Norway's contributions to the space industry are the best in their field, driven by enthusiasm and interest in space.
The Norwegian space industry currently consists of about 40 companies, large and small, in various locations across the country. They develop and produce everything from terminals for satellite communication to flowerpots for plant research in space, and sell their services from Antarctica in the south to Svalbard in the north. They have an annual turnover of approximately NOK 6 billion a year.
Telecommunications, i.e. satellite telephony, TV, radio and internet transmission, is the Norwegian space industry's biggest field. Telenor Satellite Broadcasting AS has about 160 employees.
Telenor's second satellite, Thor II, was launched in an American Delta rocket in 1997. Credit: Telenor Satellite Broadcasting.
Telenor, or Televerket as it used to be called, began attempts at communication and broadcasting via satellite to Svalbard and the North Sea as early as the 1970s. It acquired Thor I, its first satellite, in 1992. It was already in orbit when Televerket bought it. Thor II was the first to be built to order and was launched in 1997. Telenor is currently among the world's five biggest suppliers of satellite communication services. Norway is also a world leader in marine satellite communication services.
Very early on, Telenor began using Norwegian subcontractors for its satellite services. Kongsberg Norspace, among others, will supply technology for Telenor's new satellite, Thor 7.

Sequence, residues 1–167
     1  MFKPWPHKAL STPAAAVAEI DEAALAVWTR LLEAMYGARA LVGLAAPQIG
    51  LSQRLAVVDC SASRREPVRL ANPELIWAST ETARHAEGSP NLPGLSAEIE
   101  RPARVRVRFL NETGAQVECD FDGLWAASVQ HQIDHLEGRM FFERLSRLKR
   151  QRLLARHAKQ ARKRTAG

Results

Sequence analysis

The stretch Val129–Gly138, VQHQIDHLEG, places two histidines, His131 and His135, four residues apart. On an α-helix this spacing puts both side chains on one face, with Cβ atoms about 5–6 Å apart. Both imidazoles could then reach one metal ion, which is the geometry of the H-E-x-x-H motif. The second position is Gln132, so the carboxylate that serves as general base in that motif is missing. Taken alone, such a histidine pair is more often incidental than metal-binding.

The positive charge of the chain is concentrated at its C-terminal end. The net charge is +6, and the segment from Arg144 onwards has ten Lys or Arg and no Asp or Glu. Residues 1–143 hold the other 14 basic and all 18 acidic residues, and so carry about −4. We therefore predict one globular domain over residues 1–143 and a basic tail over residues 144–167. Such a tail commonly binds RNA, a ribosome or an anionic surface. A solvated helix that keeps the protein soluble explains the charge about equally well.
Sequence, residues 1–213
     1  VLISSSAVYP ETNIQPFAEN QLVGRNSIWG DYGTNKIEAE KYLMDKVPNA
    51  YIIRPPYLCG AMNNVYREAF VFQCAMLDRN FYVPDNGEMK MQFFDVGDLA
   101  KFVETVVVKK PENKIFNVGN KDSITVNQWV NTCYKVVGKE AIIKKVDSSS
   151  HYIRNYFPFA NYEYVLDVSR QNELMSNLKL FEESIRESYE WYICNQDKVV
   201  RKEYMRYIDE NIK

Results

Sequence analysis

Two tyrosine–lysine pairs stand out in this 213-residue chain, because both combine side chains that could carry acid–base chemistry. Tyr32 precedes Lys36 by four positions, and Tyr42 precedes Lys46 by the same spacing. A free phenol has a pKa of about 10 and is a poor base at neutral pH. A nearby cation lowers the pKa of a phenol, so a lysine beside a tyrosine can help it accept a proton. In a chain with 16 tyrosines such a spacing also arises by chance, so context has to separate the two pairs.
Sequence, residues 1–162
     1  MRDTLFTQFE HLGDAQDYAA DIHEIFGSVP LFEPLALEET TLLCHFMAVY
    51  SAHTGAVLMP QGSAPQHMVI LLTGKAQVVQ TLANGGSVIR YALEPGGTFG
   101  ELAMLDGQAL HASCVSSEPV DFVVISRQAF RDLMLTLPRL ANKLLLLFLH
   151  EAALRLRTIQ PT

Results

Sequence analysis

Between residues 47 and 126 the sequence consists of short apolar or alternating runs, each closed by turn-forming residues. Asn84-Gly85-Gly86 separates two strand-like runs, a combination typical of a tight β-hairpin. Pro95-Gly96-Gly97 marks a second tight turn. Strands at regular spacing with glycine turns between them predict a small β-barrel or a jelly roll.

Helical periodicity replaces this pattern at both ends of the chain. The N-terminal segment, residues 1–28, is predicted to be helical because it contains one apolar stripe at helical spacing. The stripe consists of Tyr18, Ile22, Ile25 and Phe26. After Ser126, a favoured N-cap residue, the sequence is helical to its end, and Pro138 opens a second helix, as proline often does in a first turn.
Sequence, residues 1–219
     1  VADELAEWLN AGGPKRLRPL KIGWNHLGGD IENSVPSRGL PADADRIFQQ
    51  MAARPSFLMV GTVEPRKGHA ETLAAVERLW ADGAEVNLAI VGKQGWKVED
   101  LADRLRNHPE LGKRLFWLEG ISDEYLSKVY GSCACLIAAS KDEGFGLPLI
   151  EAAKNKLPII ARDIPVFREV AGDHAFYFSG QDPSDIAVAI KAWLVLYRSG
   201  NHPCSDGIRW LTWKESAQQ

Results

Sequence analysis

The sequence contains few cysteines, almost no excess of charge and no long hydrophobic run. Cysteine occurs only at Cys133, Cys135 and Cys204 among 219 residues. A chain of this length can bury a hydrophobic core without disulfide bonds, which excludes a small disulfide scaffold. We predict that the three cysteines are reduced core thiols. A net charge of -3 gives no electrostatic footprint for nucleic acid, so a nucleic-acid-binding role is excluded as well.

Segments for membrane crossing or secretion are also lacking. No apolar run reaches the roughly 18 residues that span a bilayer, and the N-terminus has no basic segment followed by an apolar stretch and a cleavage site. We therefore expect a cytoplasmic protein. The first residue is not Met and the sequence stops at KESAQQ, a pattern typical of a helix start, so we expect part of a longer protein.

A high-cost country like Norway cannot compete with low-cost countries like China and India in manufacturing components, but when it comes to high technology and specialised skills, engineers in Norway are no more expensive than engineers elsewhere in the world. It is in fields like these that Norway is able to compete in the space industry.
Another major space company in Norway is Kongsberg Defence & Aerospace. Through its subsidiaries Kongsberg Satellite Services and Kongsberg Spacetec, the company provides some of the most advanced services in the fields of ground stations and satellite data. Kongsberg Defence & Aerospace currently operates a worldwide network of satellite ground stations, including stations in Svalbard and in Antarctica. The company also supplies high technology to agencies such as NASA and ESA.
Norwegian AV Satcom supplies technology such as advanced telemetry systems. These can be used in sparsely populated areas. Credit: AV Satcom.